Healthcare Bill Without Public Option is Huge Giveaway to Insurance Companies


The debate over the inclusion of a public option in the healthcare reform bill rages on, and while the White House has, again, reiterated the President’s support for a government-run option, they have not ruled out signing a bill without one.  Former HHS Secretary nominee Tom Daschle also supports a public option, but doesn’t want it to be a deal-breaker.

Tell that to the 76% of Americans who, in a recent poll, expressed support for a public option.  I wonder what that number would look like if the question included a mandate that all Americans purchase coverage, which the final bill amost certainly must.  Requiring insurance companies to cover pre-existing conditions only works if there’s a mandate.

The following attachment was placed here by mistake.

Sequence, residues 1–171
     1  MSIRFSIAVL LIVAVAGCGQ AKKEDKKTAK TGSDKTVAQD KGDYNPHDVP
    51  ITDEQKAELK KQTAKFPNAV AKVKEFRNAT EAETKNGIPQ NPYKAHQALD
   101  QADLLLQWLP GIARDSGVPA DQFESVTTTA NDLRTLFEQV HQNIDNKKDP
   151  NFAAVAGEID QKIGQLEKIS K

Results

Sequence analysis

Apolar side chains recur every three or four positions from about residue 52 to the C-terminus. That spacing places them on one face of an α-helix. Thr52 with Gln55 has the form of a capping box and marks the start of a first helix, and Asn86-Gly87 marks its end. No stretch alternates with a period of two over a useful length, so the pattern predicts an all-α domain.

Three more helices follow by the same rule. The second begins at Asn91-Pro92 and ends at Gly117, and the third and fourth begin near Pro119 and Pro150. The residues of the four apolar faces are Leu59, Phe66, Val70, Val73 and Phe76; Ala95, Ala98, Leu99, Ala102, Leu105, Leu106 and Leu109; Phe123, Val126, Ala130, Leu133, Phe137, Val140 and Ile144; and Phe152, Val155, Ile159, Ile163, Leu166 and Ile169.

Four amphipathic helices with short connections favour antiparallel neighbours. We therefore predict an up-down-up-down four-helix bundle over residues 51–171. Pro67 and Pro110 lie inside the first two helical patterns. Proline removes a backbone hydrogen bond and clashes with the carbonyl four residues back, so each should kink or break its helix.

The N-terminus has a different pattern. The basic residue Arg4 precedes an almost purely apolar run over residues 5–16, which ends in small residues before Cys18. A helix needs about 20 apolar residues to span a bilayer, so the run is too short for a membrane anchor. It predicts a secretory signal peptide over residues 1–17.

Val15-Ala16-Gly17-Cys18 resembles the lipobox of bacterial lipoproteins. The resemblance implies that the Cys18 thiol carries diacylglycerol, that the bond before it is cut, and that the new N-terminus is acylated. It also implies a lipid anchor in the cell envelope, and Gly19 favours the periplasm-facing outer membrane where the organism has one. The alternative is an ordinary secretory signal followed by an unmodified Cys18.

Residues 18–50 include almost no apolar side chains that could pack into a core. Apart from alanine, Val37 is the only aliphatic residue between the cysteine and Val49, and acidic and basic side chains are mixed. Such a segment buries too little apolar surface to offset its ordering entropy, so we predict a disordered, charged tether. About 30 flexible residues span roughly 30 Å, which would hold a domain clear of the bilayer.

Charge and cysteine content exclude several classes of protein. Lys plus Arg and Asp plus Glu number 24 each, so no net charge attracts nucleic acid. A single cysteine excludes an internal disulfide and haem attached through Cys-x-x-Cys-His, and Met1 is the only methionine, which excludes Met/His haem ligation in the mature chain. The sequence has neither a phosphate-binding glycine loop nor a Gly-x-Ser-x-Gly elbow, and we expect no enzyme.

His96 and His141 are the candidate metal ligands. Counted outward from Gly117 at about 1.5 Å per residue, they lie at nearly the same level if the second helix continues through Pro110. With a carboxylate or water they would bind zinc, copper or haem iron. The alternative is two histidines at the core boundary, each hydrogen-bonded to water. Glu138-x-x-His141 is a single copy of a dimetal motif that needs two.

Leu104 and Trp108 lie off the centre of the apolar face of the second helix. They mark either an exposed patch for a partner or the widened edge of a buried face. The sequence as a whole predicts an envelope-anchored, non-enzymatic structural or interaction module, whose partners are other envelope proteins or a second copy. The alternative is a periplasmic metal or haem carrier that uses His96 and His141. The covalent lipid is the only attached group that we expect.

A mandate without a public option creates a captive consumer base, with 46 million new members.  I guarantee you that, overnight, a plethora of new insurance products will be created to satisfy the minimum requirements of the mandate.  Without strict and extensive regulations, many of these will undoubtedly be worthless to the consumer, and hugely profitable for the insurance carriers.

They will design plans that have high deductibles and coinsurance (check out 2007 national averages), that contain as many limitations and exclusions as the law will allow, and sell them to people who can’t afford anything else.  These plans will cover as little as possible, and pay out as little as possible.  Think of auto insurance.  Everybody has to have it, but when was the last time your auto insurance paid something for you?